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Kevin Frandsen on Nationals Manager Matt Williams: ‘Watch Out for the Scowls’

by Chris Lingebach
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Manager Matt Williams of the Washington Nationals works in the dugout during his team's 10-4 loss to the Phildelphia Phillies at Nationals Park on July 31, 2014 in Washington, DC. (Photo by Jonathan Ernst/Getty Images)

Manager Matt Williams of the Washington Nationals works in the dugout during his team’s 10-4 loss to the Phildelphia Phillies at Nationals Park on July 31, 2014 in Washington, DC. (Photo by Jonathan Ernst/Getty Images)

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WASHINGTON (CBSDC) – Over the course of an MLB season, players, managers and coaches alike are bound to develop their own unique dugout routines.

Nationals bench coach Randy Knorr’s routine, for example, varies depending on whether the team’s on a winning streak or has been hot at the plate.

Like anything, sometimes the best historians are those with the closest view. In baseball, that tends to be the bench players, and for the Nationals, that’s Kevin Frandsen.

The Washington utility player went into manager Matt Williams’ dugout routines on 106.7 The Fan, in a radio interview with Grant Paulsen and Danny Rouhier on Tuesday.

“It’s a lock that you have all the managerial poses down,” Rouhier prompted. “Like you can do the, like, ‘sit on the bench’ or like the ‘legs super-crossed, hand in the back pocket.'”

“Oh, no,” Frandsen ran with the thought. “Have you ever seen, like … you put glasses on, you put like the big old Oakleys — the old-school Oakleys — on, you do ‘the lean’? You ever seen ‘the lean’? You cross your legs really tight and then you lean on one of your butt cheeks. You lean over, and then you start giving signs. That’s the old-school managerial one. You gotta be able to do it.”

“But Matt Williams has his own stroll, as every manager does,” Paulsen observed.

“He’s dugout step guy, though,” Rouhier noted. “He’s up top the whole time.”

Frandsen was quick to correct the common misnomer that the Nationals manager is merely a ‘dugout step guy,’ with a suggestion to steer clear of Williams’ varying scowls.

Frandsen: See, everyone sees him on the top step, but he goes down to like get gum and a glass of water about like 800 times a game.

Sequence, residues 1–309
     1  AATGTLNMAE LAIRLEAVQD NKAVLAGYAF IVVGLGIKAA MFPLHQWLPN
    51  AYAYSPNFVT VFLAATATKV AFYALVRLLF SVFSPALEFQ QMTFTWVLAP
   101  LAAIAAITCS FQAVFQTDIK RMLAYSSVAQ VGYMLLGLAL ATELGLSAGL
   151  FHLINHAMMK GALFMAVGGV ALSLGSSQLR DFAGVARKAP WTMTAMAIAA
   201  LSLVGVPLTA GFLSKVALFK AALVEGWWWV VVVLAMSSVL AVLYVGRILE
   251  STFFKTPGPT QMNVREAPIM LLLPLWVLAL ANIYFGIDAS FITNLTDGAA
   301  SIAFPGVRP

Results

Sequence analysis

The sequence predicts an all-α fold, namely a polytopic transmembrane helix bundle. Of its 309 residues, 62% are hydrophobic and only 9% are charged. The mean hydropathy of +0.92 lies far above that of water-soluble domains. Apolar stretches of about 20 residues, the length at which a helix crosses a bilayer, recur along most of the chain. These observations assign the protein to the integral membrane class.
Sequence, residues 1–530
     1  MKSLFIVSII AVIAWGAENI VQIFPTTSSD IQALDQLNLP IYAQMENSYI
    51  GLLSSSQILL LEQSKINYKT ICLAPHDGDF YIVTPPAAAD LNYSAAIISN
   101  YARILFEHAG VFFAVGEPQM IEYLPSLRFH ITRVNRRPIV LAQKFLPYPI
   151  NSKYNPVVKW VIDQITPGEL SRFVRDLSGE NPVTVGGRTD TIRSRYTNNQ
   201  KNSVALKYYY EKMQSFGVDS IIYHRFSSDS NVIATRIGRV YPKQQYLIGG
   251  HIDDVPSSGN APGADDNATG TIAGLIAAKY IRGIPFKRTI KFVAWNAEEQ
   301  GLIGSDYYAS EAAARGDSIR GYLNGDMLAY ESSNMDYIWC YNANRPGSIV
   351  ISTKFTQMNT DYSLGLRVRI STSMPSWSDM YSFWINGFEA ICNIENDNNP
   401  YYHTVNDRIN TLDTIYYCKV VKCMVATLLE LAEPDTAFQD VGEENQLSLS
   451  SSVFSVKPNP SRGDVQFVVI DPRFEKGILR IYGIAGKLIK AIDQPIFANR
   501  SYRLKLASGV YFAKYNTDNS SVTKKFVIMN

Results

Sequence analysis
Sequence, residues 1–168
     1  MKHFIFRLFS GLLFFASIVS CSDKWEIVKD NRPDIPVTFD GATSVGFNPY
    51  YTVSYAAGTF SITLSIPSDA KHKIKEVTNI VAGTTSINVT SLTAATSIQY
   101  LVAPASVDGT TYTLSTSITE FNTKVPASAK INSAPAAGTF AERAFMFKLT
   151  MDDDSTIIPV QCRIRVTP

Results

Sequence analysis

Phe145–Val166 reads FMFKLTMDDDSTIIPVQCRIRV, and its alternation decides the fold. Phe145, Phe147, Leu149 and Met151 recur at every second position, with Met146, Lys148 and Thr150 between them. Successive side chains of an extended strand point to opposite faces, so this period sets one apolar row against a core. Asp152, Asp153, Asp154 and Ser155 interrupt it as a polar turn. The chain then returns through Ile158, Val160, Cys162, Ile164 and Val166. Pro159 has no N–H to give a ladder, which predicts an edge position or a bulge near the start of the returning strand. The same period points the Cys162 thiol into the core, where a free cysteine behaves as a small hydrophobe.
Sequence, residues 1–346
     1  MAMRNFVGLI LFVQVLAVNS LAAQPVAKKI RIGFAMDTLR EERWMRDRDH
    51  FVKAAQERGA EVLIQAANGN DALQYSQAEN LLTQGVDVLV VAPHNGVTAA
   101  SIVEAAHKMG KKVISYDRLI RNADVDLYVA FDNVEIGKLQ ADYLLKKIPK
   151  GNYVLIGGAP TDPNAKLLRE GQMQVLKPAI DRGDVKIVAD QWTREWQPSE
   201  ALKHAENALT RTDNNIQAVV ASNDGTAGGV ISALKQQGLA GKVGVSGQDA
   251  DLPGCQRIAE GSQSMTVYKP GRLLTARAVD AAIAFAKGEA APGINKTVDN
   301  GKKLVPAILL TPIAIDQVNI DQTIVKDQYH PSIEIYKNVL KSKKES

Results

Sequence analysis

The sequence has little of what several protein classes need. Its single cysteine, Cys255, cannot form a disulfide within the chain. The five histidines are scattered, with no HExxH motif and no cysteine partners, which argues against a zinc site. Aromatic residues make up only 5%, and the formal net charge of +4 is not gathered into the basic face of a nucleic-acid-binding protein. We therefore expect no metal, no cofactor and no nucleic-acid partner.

Rouhier: Do you ever give him like pop times? Like you tell him, like, ‘Dude, that was a 4.6 down there, down and back’?

Frandsen: Well you gotta watch out for the scowls, because you don’t know which one you’re gonna get. He does have serious game face all the time, I like it. I grew up watching it, you know, when he was with the Giants. So it’s like, you see it, you’re like, ‘Oh God. Alright, yea I gotcha. I’ll go the other way.’

The conversation then shifted to neighboring Baltimore, where Orioles manager Buck Showalter likes to stroll through the dugout, one hand tucked in his back pocket.

“Matt does both hands in his back pockets when he’s walking out sometimes, too,” Frandsen compared.

“Like what if someone throws him a ball?” Rouhier asked. “You know, like what’s he gonna do?”

“Chest it,” Frandsen surmised. “Like soccer.”

Frandsen — who lost his brother DJ to cancer in 2004, and later started the 19 For Life foundation to preserve his legacy — is selling t-shirts in conjunction with Cardinals pitcher Jason Motte’s “Let’s Strike Out Cancer” campaign, the proceeds from which are split to benefit Motte’s and Frandsen’s respective foundations.

“This whole thing is so close to my family,” he said. “But we have to remember that so many families – not just our family, not just a couple families, not just the baseball families – are affected by this. So many families are affected by childhood cancer, and cancer in general.”

To purchase a shirt or to donate, everything you need is in the tweet below.

Listen to the full Kevin Frandsen interview below.

Kevin Frandsen Interview

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